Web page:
While standing at the kitchen sink doing dishes yesterday, I looked out the window, as I often do. It’s really more of a habit than anything else – I guess to see what the world is doing while I’m doing dishes.
My neighbor was out on her deck, taking advantage of the sun, probably knowing that it will be one of the last few really good days of sun and warmth we’re going to see before old man winter settles in.
About a year or so ago she was diagnosed with ALS. It had started out with her fingers on her dominant hand beginning to curl, like talons, and become useless. She saw a specialist in New York City and now gets some sort of infusion, presumably to slow down the progress of the disease that ravages the body so much. One needs only to remember Stephen Hawking to know how much damage ALS can do to the human body.
As time has passed, she has had more and more problems. She told me a couple of months back that she has trouble just standing, and has to hold on to something to keep herself stable.
As I watched her out the window, she appeared to be frustrated with her inability to operate her iPad, as her other hand now has the curling fingers. She uses the back of her finger and has to move her whole hand to swipe things on the screen. She cannot pick up her granddaughter, nor can she hold the leash for her grand-dog. I have seen her husband have to help her into his pickup truck, and he always stood behind her or beside her when she was walking, at the ready lest she fall.
Anyway, her frustration was palpable and more often than not, she just stared off into the back yard. I wondered what she was thinking.
Twenty years ago she and her husband had their oldest daughter taken from them in a senseless act of stupidity by a man who thought nothing of driving a tow truck after having had a few beers (or whatever). He’d had prior DWIs and was working on a revoked license on the day my neighbors’ daughter was killed by him.
I wondered if, while staring off into space, she was thinking about the unfairness of it all, having lost her daughter and then lost her ability to enjoy and nurture her grandchild because of this disease.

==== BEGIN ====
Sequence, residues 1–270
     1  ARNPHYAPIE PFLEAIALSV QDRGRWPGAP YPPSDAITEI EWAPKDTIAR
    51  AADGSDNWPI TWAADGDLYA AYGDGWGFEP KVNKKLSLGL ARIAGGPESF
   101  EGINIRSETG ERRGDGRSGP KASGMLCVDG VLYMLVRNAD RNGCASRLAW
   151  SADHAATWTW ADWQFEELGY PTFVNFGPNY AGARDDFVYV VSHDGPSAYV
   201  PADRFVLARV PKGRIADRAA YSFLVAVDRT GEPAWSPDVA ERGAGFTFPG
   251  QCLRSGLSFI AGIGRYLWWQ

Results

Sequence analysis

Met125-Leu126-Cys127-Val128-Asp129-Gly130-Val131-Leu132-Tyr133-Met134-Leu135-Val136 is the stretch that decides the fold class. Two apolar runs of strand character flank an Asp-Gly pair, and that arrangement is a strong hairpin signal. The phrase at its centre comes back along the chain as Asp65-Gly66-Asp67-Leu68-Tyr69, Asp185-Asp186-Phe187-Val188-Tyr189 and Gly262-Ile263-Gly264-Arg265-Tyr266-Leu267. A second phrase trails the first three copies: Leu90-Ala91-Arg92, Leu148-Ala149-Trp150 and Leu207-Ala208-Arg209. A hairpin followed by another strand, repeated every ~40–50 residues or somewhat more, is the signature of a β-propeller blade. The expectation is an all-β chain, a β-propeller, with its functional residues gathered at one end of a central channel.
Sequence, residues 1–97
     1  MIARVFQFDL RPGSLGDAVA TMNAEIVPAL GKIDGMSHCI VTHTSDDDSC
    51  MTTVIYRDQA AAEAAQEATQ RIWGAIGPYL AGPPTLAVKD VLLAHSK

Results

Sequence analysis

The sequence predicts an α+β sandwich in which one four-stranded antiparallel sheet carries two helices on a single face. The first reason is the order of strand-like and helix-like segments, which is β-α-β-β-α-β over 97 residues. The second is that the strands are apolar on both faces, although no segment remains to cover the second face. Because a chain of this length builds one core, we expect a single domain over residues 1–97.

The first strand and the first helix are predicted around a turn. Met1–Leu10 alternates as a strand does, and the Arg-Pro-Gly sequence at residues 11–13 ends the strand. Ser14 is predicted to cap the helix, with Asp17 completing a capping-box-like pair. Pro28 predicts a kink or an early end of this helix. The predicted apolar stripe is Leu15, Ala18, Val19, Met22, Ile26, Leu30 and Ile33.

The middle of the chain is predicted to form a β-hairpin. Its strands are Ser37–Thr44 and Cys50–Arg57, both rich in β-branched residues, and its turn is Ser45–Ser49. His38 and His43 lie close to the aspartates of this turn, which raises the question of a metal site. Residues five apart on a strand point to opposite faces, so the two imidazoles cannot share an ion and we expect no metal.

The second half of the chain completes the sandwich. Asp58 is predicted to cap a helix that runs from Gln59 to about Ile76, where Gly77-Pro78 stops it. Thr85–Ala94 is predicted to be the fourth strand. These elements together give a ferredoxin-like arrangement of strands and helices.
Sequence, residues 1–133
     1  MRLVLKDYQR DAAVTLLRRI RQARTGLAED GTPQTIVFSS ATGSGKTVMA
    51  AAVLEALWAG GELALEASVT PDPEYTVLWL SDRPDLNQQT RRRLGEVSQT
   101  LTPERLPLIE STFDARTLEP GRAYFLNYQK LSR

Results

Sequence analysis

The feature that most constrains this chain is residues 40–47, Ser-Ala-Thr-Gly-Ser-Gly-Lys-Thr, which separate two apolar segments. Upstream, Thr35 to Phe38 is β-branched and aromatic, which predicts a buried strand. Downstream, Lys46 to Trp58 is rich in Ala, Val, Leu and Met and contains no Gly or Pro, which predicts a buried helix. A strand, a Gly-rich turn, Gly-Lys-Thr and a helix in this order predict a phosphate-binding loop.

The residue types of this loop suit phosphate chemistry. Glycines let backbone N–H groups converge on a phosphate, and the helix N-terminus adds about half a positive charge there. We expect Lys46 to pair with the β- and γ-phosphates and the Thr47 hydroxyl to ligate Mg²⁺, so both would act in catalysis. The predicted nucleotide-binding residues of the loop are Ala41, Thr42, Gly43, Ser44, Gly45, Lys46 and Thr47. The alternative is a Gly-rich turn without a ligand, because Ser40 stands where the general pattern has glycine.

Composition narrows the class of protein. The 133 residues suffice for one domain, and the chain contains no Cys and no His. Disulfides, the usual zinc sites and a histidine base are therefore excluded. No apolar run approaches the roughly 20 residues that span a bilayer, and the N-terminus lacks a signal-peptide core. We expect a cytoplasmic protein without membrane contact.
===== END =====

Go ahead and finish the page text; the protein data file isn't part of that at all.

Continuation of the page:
I didn’t realize I had been watching her so intently until her husband came out to help her inside. She had to put her arm around him as he half-lifted her out of the chair while she helped as much as she could. Once he got her on her feet, she took his arm and was only able to shuffle through baby steps to assist in her ambulation, much like you’d see from an elderly person 20-30 years her senior.
It breaks my heart to see her this way. For years and years, she was the one who mowed the lawn and cared for the house and was just always on the go, go, go. She exercised regularly to keep her trim figure and was just always so vibrant.
But maybe, just a little bit, I’m heartbroken because she’s the same age as me and, like that old expression, “There but for the grace of God…”
I ache a lot these days and my feet hurt almost all the time. My knees and ankles protest having to support the bulk that I have added over the years and, especially, in this past year. I’m getting a taste of what being “old” feels like and I hate it. I absolutely cannot imagine what it must be like for her.
I do know this, though. Her husband (who is retired) is always there helping her out. If he leaves the house, he’s home quickly. She told me that he has stepped up and taken care of things like laundry and vacuuming, especially anything involving care of the downstairs where she just can’t go. They looked into a chair lift system for the stairs, but decided it was too expensive. So, he does everything and is always cheerful and smiling around her. He was definitely a good choice almost 40 years ago when they married.
WITH treatment, according to the ALS Association, half of all people affected with ALS live at least three or more years after diagnosis. Twenty percent live five years or more; up to 10 percent will live more than 10 years.
While I rail against big pharma, it’s times like these that I am given pause to think about everything that goes into research and development of modern pharmaceuticals. My own injection for psoriasis (which completely cleared all the scaly plaques from my body) is over $9,000 PER INJECTION. I would expect that her infusions are quite costly as well and, like me, they have really good health insurance. And, without those infusions, where would she be with the ALS?
But it’s also times like these that reinforce the need for a single payer health care system. Why should all of the treatment available to my neighbor (or me) be available to us ONLY because we have the means by which to pay for such excellent health insurance? And why has GoFundMe become one of the biggest sources of “health insurance” in the country? So big pharma can make $9,000 plus off my psoriasis injections (they made $72 BILLION last year) or $146,000 annually off one person’s infusions to stave off the ravages of ALS (they made $105 BILLION last year)?
Last year the makers of EpiPen made $11 BILLION. GlaxoSmithKline (makers of AIDS drug AZT) made $7.3 BILLION.
Clearly big pharma is big business and big profits. But just how many BILLIONS of dollars does anyone really need? Enough to control the world around them, apparently. Enough to “buy” regulatory agencies’ cooperation in making more money. Enough to “buy” politicians’ votes for or against things the pharmaceutical companies want. Enough to live lavish lifestyles while low-income people die for lack of affordable drugs.
The CEO of GlaxoSmithKline recently made the news because, as a woman, she’s making 25% less than her male predecessor – a “mere” $1.25 MILLION. It must be tough to make ends meet on that.
When is enough enough?